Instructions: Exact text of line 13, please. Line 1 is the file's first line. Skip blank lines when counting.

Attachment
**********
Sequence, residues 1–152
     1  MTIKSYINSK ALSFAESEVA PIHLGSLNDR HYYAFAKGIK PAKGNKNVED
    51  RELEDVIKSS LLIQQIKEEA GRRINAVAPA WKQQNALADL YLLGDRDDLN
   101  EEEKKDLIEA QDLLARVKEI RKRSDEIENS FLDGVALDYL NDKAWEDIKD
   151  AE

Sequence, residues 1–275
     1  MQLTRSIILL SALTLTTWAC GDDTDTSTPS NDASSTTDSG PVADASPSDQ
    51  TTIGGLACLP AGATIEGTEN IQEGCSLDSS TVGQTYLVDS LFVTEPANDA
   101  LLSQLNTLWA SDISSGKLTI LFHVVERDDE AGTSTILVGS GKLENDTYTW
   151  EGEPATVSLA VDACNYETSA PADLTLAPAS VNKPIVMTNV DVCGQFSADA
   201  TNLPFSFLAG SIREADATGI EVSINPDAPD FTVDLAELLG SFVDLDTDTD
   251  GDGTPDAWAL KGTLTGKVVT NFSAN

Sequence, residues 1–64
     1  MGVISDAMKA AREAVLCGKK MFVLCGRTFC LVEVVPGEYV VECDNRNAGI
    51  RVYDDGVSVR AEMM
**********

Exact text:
Sequence, residues 1–64